Her father, Ihor Zhelezniak, said that he doesn't expect to see his city rebuilt again in his lifetime.
"The Mariupol I left will maybe be back in the year 3000, but I'm not going to live that long. Because there are only ruins," he said.
8:00 a.m. ET, March 22, 2022
It's 12 p.m. in Kyiv. Here's what you need to know
After days of fighting, Ukrainian forces have regained control of Makariv, a town 30 miles west of Kyiv, the Armed Forces of Ukraine said in a post on Facebook on Tuesday. The "state flag of Ukraine was raised over the city of Makariv" as the Russians retreated, the post said. CNN could not confirm the claim by the Ukraine forces.
Meanwhile, Russian opposition leader Alexey Navalny was found guilty of fraud on Tuesday by a Moscow court, according to state-owned news agency Tass. While not directly connected to the invasion of Ukraine, the verdict coincides with Putin's broad crackdown on opposition voices and independent media over the past four weeks.
Here's the latest on Russia's invasion of Ukraine:
Hypersonic missiles: Russia has used hypersonic missiles in its invasion of Ukraine, US President Joe Biden confirmed Monday. "It's a consequential weapon ... it's almost impossible to stop it. There's a reason they're using it," Biden said. Essentially, all missiles are hypersonic, which means they travel at least five times the speed of sound. What military powers -- including Russia, China, the United States and North Korea -- are working on now is a hypersonic glide vehicle (HGV), a weapon that in 2018 Russian President Vladimir Putin called "practically invulnerable" to Western air defenses.
Japan's PM protests Russia's suspension of peace talks: Japanese Prime Minister Fumio Kishida on Tuesday protested Russia's decision to suspend peace treaty talks to formally end World War II hostilities between Moscow and Tokyo. "This entire situation has been created by Russia's invasion of Ukraine, and Russia's response to pass this onto Japan-Russia relations is extremely unjustified and absolutely unacceptable. Japan would like to protest this move," said Kishida during a parliamentary session. "We will unite with the international community and take resolution action so Japan can continue following the foundation of the international order."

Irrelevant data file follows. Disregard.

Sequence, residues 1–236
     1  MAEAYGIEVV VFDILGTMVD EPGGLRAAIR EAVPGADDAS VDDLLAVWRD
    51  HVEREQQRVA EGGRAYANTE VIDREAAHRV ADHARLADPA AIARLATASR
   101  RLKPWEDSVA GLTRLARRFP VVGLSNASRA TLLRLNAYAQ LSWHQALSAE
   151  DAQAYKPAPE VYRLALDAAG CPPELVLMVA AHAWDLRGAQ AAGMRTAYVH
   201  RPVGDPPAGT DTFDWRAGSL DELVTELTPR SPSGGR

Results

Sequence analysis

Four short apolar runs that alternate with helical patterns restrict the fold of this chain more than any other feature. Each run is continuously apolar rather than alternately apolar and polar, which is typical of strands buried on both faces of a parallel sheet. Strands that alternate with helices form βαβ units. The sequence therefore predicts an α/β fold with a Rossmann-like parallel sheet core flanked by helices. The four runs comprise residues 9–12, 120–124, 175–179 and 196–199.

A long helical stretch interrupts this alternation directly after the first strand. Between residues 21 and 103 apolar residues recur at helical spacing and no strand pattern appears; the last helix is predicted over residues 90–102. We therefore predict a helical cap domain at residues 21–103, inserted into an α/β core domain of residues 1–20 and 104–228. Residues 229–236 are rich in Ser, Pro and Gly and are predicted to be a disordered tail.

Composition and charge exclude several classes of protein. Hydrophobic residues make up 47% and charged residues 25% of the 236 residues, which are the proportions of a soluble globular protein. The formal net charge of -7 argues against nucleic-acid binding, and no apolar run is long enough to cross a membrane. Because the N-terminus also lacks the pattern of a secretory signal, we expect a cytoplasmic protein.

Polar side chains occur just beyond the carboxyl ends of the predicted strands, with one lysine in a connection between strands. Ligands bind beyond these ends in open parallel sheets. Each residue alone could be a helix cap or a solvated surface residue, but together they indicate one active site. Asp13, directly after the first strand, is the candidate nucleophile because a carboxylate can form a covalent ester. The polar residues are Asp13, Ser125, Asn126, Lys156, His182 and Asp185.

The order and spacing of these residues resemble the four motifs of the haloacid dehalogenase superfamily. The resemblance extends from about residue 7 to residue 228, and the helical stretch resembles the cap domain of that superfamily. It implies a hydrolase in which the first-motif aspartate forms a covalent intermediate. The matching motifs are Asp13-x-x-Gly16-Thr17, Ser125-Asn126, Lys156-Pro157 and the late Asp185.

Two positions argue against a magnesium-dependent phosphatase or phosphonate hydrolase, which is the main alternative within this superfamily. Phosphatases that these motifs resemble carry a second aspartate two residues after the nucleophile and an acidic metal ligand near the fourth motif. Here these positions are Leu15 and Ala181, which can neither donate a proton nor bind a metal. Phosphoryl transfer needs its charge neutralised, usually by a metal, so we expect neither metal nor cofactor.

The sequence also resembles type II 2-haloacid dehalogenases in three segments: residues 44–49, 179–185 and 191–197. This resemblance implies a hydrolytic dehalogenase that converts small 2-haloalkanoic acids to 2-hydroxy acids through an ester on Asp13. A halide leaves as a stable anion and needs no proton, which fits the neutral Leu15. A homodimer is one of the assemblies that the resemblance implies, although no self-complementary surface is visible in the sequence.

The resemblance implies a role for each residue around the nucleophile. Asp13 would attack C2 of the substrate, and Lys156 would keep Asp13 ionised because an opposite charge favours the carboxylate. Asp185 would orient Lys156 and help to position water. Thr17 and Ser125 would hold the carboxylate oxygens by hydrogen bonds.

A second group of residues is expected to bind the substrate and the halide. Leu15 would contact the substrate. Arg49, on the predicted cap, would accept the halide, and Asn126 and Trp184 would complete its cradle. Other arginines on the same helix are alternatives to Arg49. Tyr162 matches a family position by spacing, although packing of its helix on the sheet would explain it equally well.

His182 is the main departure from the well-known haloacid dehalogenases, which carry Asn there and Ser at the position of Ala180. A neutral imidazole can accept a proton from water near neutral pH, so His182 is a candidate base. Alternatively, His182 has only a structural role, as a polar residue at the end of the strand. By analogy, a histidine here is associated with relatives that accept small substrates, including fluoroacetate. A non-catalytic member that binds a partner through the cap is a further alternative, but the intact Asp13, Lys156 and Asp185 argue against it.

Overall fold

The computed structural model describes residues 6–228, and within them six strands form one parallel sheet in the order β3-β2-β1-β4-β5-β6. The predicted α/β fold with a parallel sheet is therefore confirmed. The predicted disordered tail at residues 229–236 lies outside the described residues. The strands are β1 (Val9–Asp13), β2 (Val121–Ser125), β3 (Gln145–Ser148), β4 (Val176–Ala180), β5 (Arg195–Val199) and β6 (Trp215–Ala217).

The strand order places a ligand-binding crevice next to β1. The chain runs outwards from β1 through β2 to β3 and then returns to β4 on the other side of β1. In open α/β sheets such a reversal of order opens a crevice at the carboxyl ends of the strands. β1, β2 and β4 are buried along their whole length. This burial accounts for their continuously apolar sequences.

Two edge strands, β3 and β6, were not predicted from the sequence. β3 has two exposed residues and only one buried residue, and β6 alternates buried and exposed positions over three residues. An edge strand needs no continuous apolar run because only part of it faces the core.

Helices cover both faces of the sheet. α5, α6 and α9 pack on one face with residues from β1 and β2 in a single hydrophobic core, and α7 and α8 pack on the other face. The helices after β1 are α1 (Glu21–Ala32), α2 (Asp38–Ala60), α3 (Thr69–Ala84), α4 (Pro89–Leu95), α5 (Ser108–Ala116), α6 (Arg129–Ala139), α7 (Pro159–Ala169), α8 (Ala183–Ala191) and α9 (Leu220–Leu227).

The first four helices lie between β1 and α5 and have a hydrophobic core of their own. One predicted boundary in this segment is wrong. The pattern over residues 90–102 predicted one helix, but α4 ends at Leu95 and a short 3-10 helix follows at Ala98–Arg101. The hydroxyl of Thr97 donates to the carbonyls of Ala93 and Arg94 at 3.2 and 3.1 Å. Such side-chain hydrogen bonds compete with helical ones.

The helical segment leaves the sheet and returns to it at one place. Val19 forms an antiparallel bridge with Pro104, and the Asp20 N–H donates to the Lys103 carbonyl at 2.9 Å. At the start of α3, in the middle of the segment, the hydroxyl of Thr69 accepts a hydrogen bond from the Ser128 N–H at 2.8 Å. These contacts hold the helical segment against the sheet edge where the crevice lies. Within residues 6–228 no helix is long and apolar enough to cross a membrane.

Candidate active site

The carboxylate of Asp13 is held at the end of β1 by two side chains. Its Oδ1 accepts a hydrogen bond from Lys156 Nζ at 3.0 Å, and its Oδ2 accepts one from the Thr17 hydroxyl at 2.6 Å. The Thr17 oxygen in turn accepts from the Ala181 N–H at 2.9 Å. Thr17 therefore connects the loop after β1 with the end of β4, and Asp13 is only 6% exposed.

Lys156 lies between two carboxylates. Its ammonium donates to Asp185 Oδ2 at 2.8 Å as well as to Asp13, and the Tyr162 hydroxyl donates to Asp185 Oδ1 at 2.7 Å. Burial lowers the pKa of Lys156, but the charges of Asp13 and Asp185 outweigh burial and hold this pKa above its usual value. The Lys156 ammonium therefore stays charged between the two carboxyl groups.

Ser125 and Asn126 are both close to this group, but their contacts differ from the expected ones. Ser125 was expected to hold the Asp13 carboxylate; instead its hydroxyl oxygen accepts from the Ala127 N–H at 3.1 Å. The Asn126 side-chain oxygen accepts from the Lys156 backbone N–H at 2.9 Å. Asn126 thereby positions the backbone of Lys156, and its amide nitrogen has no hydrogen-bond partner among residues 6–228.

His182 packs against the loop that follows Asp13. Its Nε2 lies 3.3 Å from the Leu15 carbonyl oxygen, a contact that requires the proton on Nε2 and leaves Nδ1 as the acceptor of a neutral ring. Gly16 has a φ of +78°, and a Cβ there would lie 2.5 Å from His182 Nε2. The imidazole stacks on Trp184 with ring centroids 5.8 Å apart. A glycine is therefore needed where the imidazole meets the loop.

Ukrainian mayor urges residents to leave: The mayor of a city to the east of the capital of Kyiv is calling on residents to leave. "There is no urgent need to be in the city at the moment. Fighting is already raging around the region. I appeal to the population, be smart and leave the city if you can," Boryspil mayor Volodymyr Borysenko said in a video statement posted to Facebook. Borysenko said authorities would help with the evacuation of those who did not have their own vehicles, adding there were almost daily transfers to the west of Ukraine, where Russian attacks have been much lower in numbers.
Refugees continue to flee Ukraine: More than 3.5 million refugees have now fled Ukraine, according to the latest update from the UN Refugee Agency (UNHCR). According to the update, 3,532,756 refugees have fled Ukraine since the Russian invasion began on February 24. In a separate update, the agency said it has ramped up supplies of thermal blankets, hot meals, and tents along the Ukrainian border, with a particular focus along the Polish side as temperatures plummet.
Ukraine accuses Russia of forcibly deporting children: Russian forces forcibly deported 2,389 children from Donetsk and Luhansk, the Ukrainian Ministry of Foreign Affairs said in a statement on Monday, calling the move "a gross violation of international law." The Russian Defense Ministry said on Sunday that 16,434 people, including 2,389 children were evacuated a day earlier, and people left of their own volition. UNICEF commented on these latest reports on Tuesday and raised concerns, though noted they have not been able to independently verify them.